It is remarkable that every great writer appears to have a predilection for some favourite author; and, with Alexander, had they possessed a golden casket, would have enshrined the works they so constantly turned over. Demosthenes felt such delight in the history of Thucydides, that, to obtain a familiar and perfect mastery of his style, he re-copied his history eight times; while Brutus not only was constantly perusing Polybius, even amidst the most busy periods of his life, but was abridging a copy of that author on the last awful night of his existence, when on the following day he was to try his fate against Antony and Octavius. Selim the Second had the Commentaries of Cæsar translated for his use; and it is recorded that his military ardour was heightened by the perusal. We are told that Scipio Africanus was made a hero by the writings of Xenophon. When Clarendon was employed in writing his history, he was in a constant study of Livy and Tacitus, to acquire the full and flowing style of the one, and the portrait-painting of the other: he records this circumstance in a letter. Voltaire had usually on his table the Athalie of Racine, and the Petit Carême of Massillon; the tragedies of the one were the finest model of French verse, the sermons of the other of French prose. “Were I obliged to sell my library,” exclaimed Diderot, “I would keep back Moses, Homer, and Richardson;” and, by the éloge which this enthusiastic writer composed on our English novelist, it is doubtful, had the Frenchman been obliged to have lost two of them, whether Richardson had not been the elected favourite. Monsieur Thomas, a French writer, who at times displays high eloquence and profound thinking, Herault de Sechelles tells us, studied chiefly one author, but that author was Cicero; and never went into the country unaccompanied by some of his works. Fénélon was constantly employed on his Homer; he left a translation of the greater part of the Odyssey, without any design of publication, but merely as an exercise for style. Montesquieu was a constant student of Tacitus, of whom he must be considered a forcible imitator. He has, in the manner of Tacitus, characterised Tacitus: “That historian,” he says, “who abridged everything, because he saw everything.” The famous Bourdaloue re-perused every year Saint Paul, Saint Chrysostom, and Cicero. “These,” says a French critic, “were the sources of his masculine and solid eloquence.” Grotius had such a taste for Lucan, that he always carried a pocket edition about him, and has been seen to kiss his hand-book with the rapture of a true votary. If this anecdote be true, the elevated sentiments of the stern Roman were probably the attraction with the Batavian republican. The diversified reading of Leibnitz is well known; but he still attached himself to one or two favourites: Virgil was always in his hand when at leisure, and Leibnitz had read Virgil so often, that even in his old age he could repeat whole books by heart; Barclay’s Argenis was his model for prose; when he was found dead in his chair, the Argenis had fallen from his hands. Rabelais and Marot were the perpetual favourites of La Fontaine; from one he borrowed his humour, and from the other his style. Quevedo was so passionately fond of the Don Quixote of Cervantes, that often in reading that unrivalled work he felt an impulse to burn his own inferior compositions: to be a sincere admirer and a hopeless rival is a case of authorship the hardest imaginable. Few writers can venture to anticipate the award of posterity; yet perhaps Quevedo had not even been what he was without the perpetual excitement he received from his great master. Horace was the friend of his heart to Malherbe; he laid the Roman poet on his pillow, took him in the fields, and called his Horace his breviary. Plutarch, Montaigne, and Locke, were the three authors constantly in the hands of Rousseau, and he has drawn from them the groundwork of his ideas in his Emile. The favourite author of the great Earl of Chatham was Barrow; and on his style he had formed his eloquence, and had read his great master so constantly, as to be able to repeat his elaborate sermons from memory. The great Lord Burleigh always carried Tully’s Offices in his pocket; Charles V. and Buonaparte had Machiavel frequently in their hands; and Davila was the perpetual study of Hampden: he seemed to have discovered in that historian of civil wars those which he anticipated in the land of his fathers.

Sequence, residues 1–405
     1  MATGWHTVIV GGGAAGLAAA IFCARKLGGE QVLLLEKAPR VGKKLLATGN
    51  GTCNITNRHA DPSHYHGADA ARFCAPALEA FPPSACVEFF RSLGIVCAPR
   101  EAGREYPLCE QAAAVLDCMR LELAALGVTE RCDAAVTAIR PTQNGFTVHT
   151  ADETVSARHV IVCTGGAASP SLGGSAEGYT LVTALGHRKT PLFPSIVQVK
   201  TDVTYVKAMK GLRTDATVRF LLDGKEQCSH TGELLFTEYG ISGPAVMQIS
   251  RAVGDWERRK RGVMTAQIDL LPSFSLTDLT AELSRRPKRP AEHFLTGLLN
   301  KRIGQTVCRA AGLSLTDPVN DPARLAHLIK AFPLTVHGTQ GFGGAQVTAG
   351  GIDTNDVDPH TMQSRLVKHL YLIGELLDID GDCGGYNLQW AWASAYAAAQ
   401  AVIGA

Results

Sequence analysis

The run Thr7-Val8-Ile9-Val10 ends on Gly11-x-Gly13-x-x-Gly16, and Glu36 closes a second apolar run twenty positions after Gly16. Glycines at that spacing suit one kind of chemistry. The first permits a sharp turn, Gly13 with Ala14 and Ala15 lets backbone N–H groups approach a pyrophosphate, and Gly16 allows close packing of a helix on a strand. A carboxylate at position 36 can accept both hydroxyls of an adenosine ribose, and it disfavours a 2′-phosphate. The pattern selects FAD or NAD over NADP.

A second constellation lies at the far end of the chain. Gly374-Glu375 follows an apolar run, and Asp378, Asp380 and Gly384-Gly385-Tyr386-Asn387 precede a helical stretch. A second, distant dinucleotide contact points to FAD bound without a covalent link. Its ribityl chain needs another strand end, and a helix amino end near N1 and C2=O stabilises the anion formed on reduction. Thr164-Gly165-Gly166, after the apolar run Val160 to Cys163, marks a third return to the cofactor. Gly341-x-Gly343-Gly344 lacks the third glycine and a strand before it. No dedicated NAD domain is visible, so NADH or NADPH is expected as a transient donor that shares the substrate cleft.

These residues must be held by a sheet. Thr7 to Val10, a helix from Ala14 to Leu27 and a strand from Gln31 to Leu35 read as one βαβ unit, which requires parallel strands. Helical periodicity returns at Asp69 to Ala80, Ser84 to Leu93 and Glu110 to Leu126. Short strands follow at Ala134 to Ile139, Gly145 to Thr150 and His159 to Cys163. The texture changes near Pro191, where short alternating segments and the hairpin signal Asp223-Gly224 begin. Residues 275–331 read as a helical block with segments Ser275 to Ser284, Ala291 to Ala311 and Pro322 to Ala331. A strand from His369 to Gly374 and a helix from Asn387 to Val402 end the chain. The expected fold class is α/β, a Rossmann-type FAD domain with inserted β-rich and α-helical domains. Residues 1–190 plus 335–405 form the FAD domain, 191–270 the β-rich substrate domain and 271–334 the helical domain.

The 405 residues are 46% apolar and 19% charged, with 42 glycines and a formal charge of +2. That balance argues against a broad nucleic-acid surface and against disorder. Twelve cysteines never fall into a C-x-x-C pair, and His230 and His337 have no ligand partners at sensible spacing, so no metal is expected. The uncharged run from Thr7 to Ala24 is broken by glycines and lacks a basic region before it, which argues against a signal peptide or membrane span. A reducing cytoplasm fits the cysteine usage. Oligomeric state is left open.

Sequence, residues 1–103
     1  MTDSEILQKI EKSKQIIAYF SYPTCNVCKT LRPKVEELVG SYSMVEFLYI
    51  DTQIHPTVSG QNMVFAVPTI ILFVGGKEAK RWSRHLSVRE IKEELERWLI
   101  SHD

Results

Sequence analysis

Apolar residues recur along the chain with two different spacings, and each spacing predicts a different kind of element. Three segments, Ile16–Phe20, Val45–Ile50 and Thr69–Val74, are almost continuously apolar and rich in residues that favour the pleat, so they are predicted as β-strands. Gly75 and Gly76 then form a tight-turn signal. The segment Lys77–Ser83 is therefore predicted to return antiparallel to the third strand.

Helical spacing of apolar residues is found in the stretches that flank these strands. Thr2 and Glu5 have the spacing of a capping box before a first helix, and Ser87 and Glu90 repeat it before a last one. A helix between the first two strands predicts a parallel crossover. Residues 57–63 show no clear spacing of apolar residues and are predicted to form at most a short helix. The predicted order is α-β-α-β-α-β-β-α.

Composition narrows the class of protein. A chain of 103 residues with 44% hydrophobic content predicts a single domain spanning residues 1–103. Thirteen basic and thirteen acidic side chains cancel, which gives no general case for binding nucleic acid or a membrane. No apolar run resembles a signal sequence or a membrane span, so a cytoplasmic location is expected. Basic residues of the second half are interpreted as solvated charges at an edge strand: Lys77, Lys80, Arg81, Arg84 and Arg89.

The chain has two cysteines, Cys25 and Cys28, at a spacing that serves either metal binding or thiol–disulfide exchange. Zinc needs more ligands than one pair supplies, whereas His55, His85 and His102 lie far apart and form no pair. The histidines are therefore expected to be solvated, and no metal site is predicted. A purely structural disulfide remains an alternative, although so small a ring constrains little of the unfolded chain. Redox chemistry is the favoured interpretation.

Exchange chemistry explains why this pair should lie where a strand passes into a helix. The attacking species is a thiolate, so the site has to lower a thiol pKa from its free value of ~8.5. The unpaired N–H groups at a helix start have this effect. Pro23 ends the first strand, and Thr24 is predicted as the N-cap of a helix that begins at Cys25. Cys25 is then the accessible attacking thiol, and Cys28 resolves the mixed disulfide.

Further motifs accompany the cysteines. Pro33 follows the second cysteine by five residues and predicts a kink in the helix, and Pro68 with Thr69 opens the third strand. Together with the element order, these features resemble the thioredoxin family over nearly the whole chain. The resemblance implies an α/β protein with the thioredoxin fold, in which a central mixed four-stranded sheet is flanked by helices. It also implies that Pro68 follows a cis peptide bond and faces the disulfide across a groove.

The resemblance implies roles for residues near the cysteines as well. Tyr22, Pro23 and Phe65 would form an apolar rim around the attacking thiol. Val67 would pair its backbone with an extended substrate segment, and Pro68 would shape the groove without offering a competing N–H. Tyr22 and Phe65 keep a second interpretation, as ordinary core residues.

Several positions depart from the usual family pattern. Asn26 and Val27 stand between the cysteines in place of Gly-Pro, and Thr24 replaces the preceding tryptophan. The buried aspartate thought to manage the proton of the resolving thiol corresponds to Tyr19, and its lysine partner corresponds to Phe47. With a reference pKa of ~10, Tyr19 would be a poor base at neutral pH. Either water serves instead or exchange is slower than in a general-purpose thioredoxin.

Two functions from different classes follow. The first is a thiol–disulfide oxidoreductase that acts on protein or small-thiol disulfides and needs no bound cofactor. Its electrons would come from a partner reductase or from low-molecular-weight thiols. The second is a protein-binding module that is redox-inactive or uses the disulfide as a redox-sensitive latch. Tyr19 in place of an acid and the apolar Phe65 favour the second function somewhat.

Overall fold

These facts sufficiently illustrate the recorded circumstance of Sir William Jones’s invariable habit of reading his Cicero through every year, and exemplify the happy result for him, who, amidst the multiplicity of his authors, still continues in this way to be “the man of one book.”

Last updated Sunday, March 27, 2016 at 11:53